But I am very, very clear on what New Eden is, societally speaking. It is NOT a culture, either in the game's design nor in the lore of the game, that highsec should be safe. It is in fact the opposite - I use the "Feudal" word myself in posts - because I think it is the most accurate word to describe EVE's cultural development at this stage. EVE is not a representative republic, nor is it a socialist state. It is a feudal culture. And at least as long as CCP Soundwave is there, no big bad Dept. of the Interior guy is going to come and take away the bad people.

    The rest of the post barring the last couple of paragraphs I am on board with. I almost quit myself due to the distances involved and the time waste in flying them.

    The bottom line is this: EVE is a mindset as much as anything. That level of risk is what draws - and keeps - many of us in the game.

    1. Rhavas, if you could go back years, to Eve Online say in 2009 and earlier, you would see a very much different game. Null-sec PvP kept "the wolves" as I have termed them satiated. They stayed in null-sec. High-sec was safer than it is now by a long shot. Eve Online is no longer that way. There have always been high-sec gankers, but they have never been as pervasive as they are now. When The Mittani stepped in and started using high-sec as a "hurry up and wait" place for idle CFC fighters (reference Burn Jita and Gallente Ice Interdiction,) it got out of control. That's when high-sec became the steam release for the null-sec grind that CFC and Honey Badgers invented. That's not good for the game. Having these players using high-sec as their playground keeps new players out and makes old time casual players find something else to do. Don't get so hung up on the analogy that you miss the point. The point is an almost new bro ganking a new bro is completely different from an experienced TEST pilot "slumming" in high-sec to blow up ships and stave off boredom. I see FAR more of that now than I ever did in 2008 when I was a noob. And don't believe for one second that CCP Soundwave will get his way. If Hilmar and the Board of Directors think "the wolves" are a threat, they are dead meat. Nothing CCP Soundwave, or any other CCP employee, says will stop the company from protecting itself. But don't get me wrong, I think there is a very, very small chance of that happening. I think the problem will eventually get resolved by other means so long as "the wolves" go along with CCP's plan. My worry is a lot of these "wolves" helped lead the Incarna revolt and they might just think they can get away with it twice. I don't think that'll be allowed. CCP has other financial resources now. The closer we get to Dust 514, the less influence those "wolves" will have over company decisions. They won't get their way a second time. And if they are enough of a nuisance, I don't think a PvP switch for high-sec is out of the question.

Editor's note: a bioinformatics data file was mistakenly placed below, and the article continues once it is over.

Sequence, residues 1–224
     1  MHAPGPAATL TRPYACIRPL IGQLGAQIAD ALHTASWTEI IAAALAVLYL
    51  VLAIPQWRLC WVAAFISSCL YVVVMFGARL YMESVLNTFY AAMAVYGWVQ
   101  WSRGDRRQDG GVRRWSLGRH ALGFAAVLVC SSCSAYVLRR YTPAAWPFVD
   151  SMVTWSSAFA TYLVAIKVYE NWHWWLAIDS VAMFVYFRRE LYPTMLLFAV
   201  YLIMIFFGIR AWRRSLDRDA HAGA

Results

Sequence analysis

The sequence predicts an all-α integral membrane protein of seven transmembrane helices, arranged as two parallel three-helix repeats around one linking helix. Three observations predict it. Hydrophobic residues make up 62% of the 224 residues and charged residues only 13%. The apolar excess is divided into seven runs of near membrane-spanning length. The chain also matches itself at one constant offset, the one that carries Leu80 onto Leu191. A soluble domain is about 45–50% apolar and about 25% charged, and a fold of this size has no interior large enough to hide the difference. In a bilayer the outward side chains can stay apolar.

2. "Rhavas, if you could go back years, to Eve Online say in 2009 and earlier, you would see a very much different game."

      I haven't been playing very long, but I hear very different tales of the old days. Some players say that it was much harsher back then, that at first there was no concord, then there was a weak concord that you could escape, now concord is fast and you can't tank it and it superjams you and escaping it is an exploit. Other players, like you Mabrick, say that in the old days ganking was less pervasive. People who compile killboard statistics say that highsec ganking has actually fallen off recently. It's hard to pick which side is correct--but what if both sides are correct? Is there a middle ground where that can be true, where players are nastier and louder, and ganks are more memorable, but yet the absolute number decreases? Where cost to gank has gone way up, but ganker income has gone up just as much? Where gankers are older accounts now, which compensates for the additional difficulty of ganking with a more aggressive concord? Where highsec isn't as safe as it used to be, but where highsec was also not as safe as we remember it? I think that EVE has stayed a lot more balanced than most MMOs do, but that everyone is seeing it through tinted glasses of a different shade.

      People citing "nasty playerbase" and "boredom" and "realizing that the players with the most time win" == what I hear from quitting players as they quit every single MMO ever. None of the anecdotes quoted above would be out of place, with minor changes of ships to classes, etc, for other MMOs. You may see a theme in those examples, but I see nothing but same old same old.

      "Don't leave CCP with any other option than to exterminate you by making high-sec a PvP free area. They could, and they will, if you continue to threaten their livelihood."

      You mean like when UO made trammel as a PVP-free area, basically destroying UO and leading to the creation of EVE by former UO players as a place where there would never be a PVP-free area? Now that would be quite ironic. While it would a complete betrayal of what EVE was created to be, it's been long enough that it's not beyond the bounds of possibility; but I still don't think it's likely. If it did, then EVE will probably die just like UO did, spawning a new game out of the ashes to take EVE's place just as before.